Five minutes does not seem like enough time to play out the game. Making characters, certainly. Making 10-20 Xs in that time? That would seem to put a lot of pressure on the player. Even 10 or 15 minutes seems fine. A related aspect of the game that I had some twinges about was the opening monologue and the way the fiction happens during turns. I was surprised by the monologue! The game has so many fiddly bits, with writing and making the tiles that I was taken by surprise by being asked to talk out loud. I’d have expected just a bit more warning somehow, letting me know this was a more in-character experience than I’d expected, or getting me into the mood of expressing myself first person. And even finding a private place to do it, so that I could be free of social awkwardness. When I played, I did it partly out loud, then continued it on in my mind as I did chores in my house. It was a bit distracting, but I felt resolved and ready to enter play when I returned to the table. Making the situation and resolving it using the tiles went well. The Baggage was “sacrificed her childhood (3)” and the situation was that she couldn’t attend school since she was having bad reactions to sunlight (the Vampirism was as yet undiagnosed), so she had to work from home: at risk, being stuck at home not being able to see her friends and also not being able to do well. The Treasure I called upon was “straight As (3)”. A Teacher who believed in her was bringing her books and notes, and visited to cheer her up. I pulled an upswing: friends came over and had a sleepover with her, reviving her sense of community and play, and she did well in the class anyway!  The experience of the fiction was much less directed than that makes it sound, though. I was hazy on what the teacher did, or what their interactions were like. No information was specific about the friends. It is more like scripting a story than anything else. I made a quick note about the turn too, next to the X I placed on the baggage. I had an urge to record it somehow, and perhaps that would have made it a bit more concrete too.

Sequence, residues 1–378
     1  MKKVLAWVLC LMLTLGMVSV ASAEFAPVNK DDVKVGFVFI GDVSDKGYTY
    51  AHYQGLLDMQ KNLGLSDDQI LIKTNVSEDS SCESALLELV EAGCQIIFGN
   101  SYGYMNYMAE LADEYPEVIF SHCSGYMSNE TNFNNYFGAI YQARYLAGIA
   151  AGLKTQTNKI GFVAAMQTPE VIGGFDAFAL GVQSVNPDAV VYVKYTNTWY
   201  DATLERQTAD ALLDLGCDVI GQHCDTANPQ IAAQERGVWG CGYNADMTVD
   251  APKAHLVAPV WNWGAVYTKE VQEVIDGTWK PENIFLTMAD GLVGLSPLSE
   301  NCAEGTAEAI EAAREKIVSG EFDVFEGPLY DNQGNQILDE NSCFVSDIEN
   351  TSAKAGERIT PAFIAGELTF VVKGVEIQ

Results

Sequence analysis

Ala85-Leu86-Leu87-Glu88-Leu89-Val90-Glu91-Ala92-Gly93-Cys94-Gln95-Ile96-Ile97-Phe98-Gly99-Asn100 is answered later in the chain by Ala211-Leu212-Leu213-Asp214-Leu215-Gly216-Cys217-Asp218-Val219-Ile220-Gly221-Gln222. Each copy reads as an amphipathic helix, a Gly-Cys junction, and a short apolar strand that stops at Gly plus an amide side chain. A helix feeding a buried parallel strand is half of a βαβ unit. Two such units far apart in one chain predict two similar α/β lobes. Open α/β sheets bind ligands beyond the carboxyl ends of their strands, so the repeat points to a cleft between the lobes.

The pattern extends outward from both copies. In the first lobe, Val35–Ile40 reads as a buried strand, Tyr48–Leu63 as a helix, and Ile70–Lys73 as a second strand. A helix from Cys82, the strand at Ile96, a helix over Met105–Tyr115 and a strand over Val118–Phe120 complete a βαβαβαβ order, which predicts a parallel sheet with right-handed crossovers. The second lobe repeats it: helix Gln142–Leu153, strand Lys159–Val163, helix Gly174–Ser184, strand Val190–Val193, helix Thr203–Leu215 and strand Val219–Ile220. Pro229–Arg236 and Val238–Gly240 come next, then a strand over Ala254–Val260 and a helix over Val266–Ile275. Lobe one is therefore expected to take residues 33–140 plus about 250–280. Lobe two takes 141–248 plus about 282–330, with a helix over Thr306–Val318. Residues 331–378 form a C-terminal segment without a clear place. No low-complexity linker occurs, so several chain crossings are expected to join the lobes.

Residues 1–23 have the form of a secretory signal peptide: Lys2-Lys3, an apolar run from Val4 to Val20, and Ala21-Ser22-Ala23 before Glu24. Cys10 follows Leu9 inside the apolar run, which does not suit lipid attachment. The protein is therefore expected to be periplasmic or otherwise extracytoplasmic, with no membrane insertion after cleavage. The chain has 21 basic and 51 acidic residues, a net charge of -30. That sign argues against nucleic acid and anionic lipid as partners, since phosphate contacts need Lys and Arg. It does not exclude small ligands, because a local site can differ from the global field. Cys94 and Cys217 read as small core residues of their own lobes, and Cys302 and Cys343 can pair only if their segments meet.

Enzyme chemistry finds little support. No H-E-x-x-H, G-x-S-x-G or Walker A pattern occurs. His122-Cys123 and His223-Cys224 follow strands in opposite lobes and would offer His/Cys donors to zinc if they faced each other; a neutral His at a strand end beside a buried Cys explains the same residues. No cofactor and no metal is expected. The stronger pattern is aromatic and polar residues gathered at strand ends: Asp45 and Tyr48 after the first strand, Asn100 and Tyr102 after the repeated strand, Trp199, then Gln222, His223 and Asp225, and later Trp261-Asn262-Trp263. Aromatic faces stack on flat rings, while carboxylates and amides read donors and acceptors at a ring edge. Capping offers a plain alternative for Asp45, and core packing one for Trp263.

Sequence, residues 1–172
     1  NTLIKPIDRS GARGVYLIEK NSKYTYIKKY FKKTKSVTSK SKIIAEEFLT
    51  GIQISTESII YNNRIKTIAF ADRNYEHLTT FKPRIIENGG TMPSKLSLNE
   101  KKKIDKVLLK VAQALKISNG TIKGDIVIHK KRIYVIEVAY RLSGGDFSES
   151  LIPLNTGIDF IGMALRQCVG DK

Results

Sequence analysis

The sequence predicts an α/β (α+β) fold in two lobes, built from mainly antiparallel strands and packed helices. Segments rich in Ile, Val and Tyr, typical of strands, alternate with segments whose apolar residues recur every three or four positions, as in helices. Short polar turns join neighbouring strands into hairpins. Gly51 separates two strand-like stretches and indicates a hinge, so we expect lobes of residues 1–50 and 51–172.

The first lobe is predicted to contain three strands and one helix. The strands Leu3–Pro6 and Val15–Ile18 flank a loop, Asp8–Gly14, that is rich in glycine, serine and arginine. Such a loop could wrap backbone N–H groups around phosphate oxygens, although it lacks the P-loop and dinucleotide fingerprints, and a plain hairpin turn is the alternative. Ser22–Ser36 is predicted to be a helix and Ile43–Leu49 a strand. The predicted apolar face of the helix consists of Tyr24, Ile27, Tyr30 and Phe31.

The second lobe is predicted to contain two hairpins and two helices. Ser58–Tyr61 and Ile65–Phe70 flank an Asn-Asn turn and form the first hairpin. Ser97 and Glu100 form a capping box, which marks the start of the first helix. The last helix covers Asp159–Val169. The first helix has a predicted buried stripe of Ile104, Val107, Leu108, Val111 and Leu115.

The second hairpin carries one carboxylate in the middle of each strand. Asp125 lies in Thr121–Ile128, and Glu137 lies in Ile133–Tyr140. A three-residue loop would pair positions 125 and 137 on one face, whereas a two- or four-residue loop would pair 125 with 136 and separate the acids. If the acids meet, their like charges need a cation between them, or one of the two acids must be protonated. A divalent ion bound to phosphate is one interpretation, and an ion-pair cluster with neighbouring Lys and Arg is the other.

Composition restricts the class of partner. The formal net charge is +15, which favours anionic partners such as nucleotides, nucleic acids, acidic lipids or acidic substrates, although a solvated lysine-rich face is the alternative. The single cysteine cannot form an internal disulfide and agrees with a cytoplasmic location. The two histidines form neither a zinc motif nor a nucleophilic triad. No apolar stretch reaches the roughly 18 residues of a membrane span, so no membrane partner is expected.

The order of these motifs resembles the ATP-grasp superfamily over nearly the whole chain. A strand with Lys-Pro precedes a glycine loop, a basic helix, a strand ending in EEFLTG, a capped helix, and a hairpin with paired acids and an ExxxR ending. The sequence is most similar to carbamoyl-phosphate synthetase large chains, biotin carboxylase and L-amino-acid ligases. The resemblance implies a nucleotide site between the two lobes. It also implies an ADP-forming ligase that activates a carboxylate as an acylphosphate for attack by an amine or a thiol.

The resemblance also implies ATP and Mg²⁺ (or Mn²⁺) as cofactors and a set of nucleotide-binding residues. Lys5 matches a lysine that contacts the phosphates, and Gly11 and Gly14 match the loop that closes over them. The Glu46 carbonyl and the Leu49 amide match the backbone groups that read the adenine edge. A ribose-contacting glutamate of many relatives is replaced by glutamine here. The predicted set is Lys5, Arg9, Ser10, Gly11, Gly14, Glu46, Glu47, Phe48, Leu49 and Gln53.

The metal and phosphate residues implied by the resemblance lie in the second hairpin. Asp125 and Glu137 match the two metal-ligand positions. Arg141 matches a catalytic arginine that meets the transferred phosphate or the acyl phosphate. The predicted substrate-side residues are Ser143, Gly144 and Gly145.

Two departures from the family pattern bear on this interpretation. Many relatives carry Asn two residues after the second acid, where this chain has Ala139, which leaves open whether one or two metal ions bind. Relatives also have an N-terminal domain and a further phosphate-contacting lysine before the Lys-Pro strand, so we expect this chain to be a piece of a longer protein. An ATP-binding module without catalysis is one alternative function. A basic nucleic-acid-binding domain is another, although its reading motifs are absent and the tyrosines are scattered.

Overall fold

Exciting Parts: There are several parts of this game that stand out as really unique: the use of the tiles of course, but also the mnemonic and the tone marks. The mnemonic seemed like an important element when it was introduced, but doesn’t enter in except in the additional bits. I would love to see more done with these, they could provide more structure and flavor to the ups and downs, and be used to good effect to direct the story. You may want to read the Imagination Sweatshop’s MonkeyDome, which uses dual tones to inform evens in a post-apocalyptic story. (You can find it at under other games).  This and Epidiah Ravachol’s Swords without Master, a descendant of MonkeyDome use tone markers to good effect. Your would be even more varied. This is interesting, little tread (as of yet) ground for rpg.